Ovid wrote the poetry of “Ars Amatoria” in the 1st century BCE. He presented a captivating portrayal of the hedonistic and refined life of aristocracy in Roman culture in three books of “The Art of Love.” He guided Roman men and women from the upper class in their love affairs. He advised in his verses how to find, seduce, and keep a lover.

His astute love advice has become a classic in the art of love. His love poetry was passed down over centuries across generations and cultures. The early English translation of Ovid’s books, published in 1885, included a literal prose translation rather than the original poetry (Riley, 1885/2014). Their most recent translation and publication, in 2001, made available their poetic translation (Kline, 2001).

Modern men and women live in different cultural epochs than the Romans. Nevertheless, it is meaningful and beneficial to learn the art of love from the old wisdom of the past. Many of Ovid’s suggestions from long ago are still valid for modern love affairs. So, I believe even now, these books are still fascinating and interesting to read.

Because of this, I decided to post several wise quotes from Anthony Kline’s amazing translations of Ovid’s books in the articles on this love blog (Kline, 2001).

Men can learn a lot from the wonderful cantos of Book 1 that teach them “How to Find Her” (Part 2), “How to Win Her” (Part 9), “How to Make Promises of Love to Her” (Part 12), “How to Entice and Seduce a Woman” (Parts 13 and 14), “How to Make Promises and Deceive” (Part 16), “How Tears and Kisses Help in Love Affairs” (Part 17), “Psychology Love Tricks in the Art of Love” (Parts 18-19), and others.

The poems of Book II present other pieces of love advice to men. Parts V, VI, and VII explain men how beneficial in love (a) not to be faint-hearted, (b) win over the servants, and (c) give her little tasteful gifts.

In Book II, Ovid also explains how to Be Gentle and Good-Tempered in Love Relations (Part III), Let Her Miss You, but Not For Long (Part X), when men should Stir Her Jealousy in Their Art of Love (Part XIII).

Here is Part XIV of Ovid’s Book II, advising men to be wise and suffer in love. The art of love should be wise, yet love relationships can still cause suffering.

Be Wise and Suffer in Love, Part XIV of Book II:

“While I was writing this, Apollo suddenly appeared

plucking the strings of his lyre with his thumb.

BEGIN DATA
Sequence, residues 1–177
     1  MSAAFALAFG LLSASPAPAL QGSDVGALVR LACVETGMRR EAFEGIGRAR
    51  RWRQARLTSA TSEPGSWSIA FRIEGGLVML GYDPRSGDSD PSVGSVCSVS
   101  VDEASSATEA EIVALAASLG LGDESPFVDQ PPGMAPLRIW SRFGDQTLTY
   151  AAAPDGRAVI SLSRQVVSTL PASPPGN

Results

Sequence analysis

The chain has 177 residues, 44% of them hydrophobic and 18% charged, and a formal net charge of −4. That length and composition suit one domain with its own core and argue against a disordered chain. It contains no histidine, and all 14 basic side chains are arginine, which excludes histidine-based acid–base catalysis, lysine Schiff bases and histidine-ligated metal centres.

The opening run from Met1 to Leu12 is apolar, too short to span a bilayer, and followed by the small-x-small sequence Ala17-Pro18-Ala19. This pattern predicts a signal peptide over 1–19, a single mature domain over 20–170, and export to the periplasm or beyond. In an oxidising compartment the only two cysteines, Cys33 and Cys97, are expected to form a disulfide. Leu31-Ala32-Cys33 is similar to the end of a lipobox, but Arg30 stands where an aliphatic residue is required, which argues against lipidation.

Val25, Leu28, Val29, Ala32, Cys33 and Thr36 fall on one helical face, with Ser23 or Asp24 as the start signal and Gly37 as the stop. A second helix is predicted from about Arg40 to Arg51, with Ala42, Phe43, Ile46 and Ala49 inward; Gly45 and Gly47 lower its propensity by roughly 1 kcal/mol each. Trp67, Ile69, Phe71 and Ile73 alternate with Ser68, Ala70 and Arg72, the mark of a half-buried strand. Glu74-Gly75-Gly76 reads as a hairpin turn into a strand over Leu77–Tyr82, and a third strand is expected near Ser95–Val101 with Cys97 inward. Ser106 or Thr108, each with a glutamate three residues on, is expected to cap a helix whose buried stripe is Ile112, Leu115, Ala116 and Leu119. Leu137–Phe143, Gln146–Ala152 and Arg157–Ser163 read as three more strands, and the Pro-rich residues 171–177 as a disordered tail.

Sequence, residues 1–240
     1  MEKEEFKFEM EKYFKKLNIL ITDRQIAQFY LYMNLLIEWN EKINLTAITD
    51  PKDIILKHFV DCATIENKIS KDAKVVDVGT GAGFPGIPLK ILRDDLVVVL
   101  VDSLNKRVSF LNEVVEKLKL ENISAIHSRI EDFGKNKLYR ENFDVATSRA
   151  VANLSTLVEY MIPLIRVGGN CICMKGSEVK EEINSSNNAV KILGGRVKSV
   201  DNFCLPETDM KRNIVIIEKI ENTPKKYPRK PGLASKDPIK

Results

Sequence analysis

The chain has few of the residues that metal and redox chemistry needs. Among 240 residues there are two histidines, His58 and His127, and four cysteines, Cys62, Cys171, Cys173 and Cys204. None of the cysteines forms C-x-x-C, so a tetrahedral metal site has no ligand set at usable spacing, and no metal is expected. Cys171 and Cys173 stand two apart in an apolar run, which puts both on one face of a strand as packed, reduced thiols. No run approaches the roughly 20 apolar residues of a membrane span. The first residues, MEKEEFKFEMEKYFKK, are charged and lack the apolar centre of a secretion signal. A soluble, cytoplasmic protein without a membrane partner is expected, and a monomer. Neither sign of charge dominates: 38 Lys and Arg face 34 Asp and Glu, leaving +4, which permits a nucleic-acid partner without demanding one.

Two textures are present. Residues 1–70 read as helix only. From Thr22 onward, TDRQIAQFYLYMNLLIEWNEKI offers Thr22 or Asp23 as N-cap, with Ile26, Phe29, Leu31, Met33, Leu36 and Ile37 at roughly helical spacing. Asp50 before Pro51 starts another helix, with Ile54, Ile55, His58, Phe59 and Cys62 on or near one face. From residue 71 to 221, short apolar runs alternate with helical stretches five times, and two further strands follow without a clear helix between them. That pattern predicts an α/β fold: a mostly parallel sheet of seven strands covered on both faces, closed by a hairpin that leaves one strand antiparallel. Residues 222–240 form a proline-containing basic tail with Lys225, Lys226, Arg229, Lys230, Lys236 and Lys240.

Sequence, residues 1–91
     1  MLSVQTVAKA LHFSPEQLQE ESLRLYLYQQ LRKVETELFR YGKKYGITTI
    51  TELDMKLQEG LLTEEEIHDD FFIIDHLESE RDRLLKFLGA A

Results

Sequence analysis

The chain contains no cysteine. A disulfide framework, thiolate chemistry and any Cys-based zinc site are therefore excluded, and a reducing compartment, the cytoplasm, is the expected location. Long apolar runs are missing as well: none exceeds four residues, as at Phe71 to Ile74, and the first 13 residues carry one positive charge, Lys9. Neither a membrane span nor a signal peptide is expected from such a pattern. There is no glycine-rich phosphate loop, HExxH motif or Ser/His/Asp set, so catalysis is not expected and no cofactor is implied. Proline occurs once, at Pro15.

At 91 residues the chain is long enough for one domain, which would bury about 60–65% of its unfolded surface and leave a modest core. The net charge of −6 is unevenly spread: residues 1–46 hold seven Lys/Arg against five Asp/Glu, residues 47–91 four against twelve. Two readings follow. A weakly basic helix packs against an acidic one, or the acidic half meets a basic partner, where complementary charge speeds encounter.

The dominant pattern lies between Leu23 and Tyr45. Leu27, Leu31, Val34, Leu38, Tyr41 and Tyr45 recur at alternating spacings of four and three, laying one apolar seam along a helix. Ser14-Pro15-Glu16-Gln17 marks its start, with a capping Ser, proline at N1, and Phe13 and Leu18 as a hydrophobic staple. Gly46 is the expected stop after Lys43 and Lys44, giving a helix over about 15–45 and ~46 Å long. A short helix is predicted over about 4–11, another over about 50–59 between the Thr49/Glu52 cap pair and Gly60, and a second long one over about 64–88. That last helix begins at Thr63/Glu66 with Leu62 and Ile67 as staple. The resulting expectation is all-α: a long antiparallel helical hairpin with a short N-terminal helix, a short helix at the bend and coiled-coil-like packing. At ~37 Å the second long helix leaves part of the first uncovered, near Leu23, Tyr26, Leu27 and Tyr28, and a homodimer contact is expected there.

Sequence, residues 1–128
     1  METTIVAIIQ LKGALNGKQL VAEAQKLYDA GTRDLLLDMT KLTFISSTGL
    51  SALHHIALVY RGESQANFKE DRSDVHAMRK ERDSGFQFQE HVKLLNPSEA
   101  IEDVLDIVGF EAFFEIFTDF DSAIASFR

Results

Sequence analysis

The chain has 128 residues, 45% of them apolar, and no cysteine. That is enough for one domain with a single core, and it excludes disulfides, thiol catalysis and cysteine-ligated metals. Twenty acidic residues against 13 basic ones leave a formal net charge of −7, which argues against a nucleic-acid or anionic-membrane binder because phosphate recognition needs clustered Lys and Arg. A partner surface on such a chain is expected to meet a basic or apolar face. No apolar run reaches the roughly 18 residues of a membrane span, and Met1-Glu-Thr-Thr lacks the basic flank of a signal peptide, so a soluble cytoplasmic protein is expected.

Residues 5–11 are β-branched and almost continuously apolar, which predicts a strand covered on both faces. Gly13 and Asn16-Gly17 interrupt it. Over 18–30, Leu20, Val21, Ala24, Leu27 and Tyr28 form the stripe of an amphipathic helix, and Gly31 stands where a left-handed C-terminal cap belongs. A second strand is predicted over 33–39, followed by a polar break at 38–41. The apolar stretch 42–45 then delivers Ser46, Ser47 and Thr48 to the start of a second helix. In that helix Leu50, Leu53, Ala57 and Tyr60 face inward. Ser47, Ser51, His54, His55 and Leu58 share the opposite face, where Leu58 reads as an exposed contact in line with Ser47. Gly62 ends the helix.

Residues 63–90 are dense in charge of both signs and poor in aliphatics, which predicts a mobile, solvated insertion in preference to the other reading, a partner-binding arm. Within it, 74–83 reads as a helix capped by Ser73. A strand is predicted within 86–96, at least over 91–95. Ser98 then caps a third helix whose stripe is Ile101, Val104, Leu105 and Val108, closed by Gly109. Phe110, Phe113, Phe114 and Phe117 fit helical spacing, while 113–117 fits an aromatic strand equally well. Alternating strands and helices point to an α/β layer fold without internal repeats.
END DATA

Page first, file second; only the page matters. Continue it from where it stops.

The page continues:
Laurel was in his hand, laurel wreathing his hair:

he appears to poets looking like that.

‘Professor of Wanton Love,’ he said to me,

‘go lead your disciples to my temple,

it’s where the famous words, celebrated throughout the world,

command everyone to “Know Yourself”.

He alone will be wise, who’s well-known to himself,

and carries out each work that suits his powers.

Whom nature’s given beauty, let it be seen by her:

whose skin is lustrous, lie there often with bare shoulders:

who delights by talking, avoid taciturn silence:

who sings with art, then sing: who drinks with art, then drink.

but the eloquent should never declaim mid-speech

nor the crazy poet ever read his poems!’

So Phoebus warned: take note of Phoebus’s warning:

truth’s surely on the sacred lips of that god.

To bring us back to earth: who loves wisely wins,

and by my skill will bring off what he seeks.

It’s not often the furrow repays the loan with interest,

not often the winds aid the boat in trouble:

What delights a lover is little, what pains him more:

many sufferings declare themselves to his heart.

As many as hares on Athos, the bees that graze on Hybla,

as many as the olives the grey-green branches carry,

or the sea-shells on the shore, are the pains of love:

the thorns we suffer from are drenched in gall.

They’ll say she’s gone out: very likely she’s to be seen inside:

think that she has gone out, and your vision lied.

The door will be shut the night she promised you:

endure it, lay your body on the dusty ground.

And perhaps the lying maid with scornful face,

will say: ‘Why’s he hanging round our door?’

Still, a suppliant, coax the doorposts, and your harsh mistress,

and hang the roses, from your head, outside.

Come if she wishes: when she shuns you, go:

it’s unbecoming to a noble man to bore her.

Why let your lover say: ‘There’s no escaping him’?

Her feelings won’t always be against you.

Don’t think it a disgrace to suffer curses or blows from the girl, or plant kisses on her tender feet.”

Kline, A. S. (2001). Translation of Ovid’s Ars Amatoria: The Art of Love.


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